Uterine-Specific Knockout of Tsc-2: A Mouse Model for Lymphangioleiomyomatosis
Annual rept. 30 Sep 2012-29 Sep 2013
ROCHESTER UNIV NY
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Our goal was to develop and characterize a mouse model for the disease lymphangioleiomyomatosis LAM. This disease is found almost exclusively in women and is due to a mutation in one of the two TSC suppressor genes. Women with LAM develop smooth muscle-like tumors in the lungs that grow progressively, often leading to lung failure. Evidence suggested that these tumors do not originate in the lungs but instead are metastatic from another location in the body. Our hypothesis was that lung LAM tumors were actually metastatic from smooth muscle myometrial cells in the uterus, thus explaining both the appearance of the LAM cells as well as the overwhelming female prevalence. Thus, we created a uterine-specific TSC-2 knockout mouse. These mice developed uterine tumors that were completely dependent on estrogen for growth. Importantly, as mice aged above 30 weeks, 75 of them developed myometrial lung tumors that shared many features consistent with LAM. These data were just published in and featured on the cover of the September, 2013 issue of Molecular Endocrinology. This is an exciting new model, and we hope to use it to both better understand LAM and to help test novel treatment options for LAM.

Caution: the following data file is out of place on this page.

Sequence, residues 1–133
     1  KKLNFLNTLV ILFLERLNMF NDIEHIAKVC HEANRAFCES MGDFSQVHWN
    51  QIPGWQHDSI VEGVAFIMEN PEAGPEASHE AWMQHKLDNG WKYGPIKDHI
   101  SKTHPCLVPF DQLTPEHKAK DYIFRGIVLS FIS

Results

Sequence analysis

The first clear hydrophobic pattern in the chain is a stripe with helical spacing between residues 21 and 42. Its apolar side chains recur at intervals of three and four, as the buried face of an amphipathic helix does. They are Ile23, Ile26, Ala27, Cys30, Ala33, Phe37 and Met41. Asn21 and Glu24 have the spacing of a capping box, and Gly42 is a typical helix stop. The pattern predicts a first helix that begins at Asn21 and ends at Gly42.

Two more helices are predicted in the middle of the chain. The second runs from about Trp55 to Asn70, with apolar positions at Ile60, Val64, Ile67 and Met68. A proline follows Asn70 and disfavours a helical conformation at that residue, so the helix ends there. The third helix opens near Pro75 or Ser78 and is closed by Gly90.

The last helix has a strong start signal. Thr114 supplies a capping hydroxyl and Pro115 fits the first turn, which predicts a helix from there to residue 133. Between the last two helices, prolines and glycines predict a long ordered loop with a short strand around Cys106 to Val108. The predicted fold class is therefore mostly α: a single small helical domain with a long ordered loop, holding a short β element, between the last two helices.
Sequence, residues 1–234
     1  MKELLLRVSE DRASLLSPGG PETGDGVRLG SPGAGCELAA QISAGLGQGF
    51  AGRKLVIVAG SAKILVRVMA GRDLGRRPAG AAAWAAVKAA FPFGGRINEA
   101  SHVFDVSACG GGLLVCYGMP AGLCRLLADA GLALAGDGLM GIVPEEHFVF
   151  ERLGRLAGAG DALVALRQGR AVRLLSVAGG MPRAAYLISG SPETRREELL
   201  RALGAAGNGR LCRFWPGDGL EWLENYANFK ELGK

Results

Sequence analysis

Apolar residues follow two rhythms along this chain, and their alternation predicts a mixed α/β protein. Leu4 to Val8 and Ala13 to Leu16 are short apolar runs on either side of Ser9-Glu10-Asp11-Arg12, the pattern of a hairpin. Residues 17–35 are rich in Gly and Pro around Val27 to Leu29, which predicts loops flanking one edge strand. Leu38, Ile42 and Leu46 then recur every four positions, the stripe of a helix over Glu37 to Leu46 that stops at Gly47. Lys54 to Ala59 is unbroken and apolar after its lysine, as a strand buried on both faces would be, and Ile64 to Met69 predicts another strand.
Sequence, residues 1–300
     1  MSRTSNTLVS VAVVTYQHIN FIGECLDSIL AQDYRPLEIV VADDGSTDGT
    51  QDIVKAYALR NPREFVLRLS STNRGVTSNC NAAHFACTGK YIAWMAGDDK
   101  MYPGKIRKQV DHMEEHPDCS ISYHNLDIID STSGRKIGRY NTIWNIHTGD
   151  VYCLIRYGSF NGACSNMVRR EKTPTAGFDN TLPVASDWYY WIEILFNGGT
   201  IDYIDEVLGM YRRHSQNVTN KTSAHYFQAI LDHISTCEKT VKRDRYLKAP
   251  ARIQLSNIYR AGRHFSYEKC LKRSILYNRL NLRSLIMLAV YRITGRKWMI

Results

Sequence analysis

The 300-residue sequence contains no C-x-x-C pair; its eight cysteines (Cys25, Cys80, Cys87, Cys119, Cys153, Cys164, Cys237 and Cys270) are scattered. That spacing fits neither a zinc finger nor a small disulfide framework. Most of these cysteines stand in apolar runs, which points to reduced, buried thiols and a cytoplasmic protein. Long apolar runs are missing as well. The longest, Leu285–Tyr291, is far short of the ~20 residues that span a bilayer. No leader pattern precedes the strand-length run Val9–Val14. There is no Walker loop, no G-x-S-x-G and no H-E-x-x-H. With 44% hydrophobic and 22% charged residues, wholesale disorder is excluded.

- Anatomy and Physiology
- Medicine and Medical Research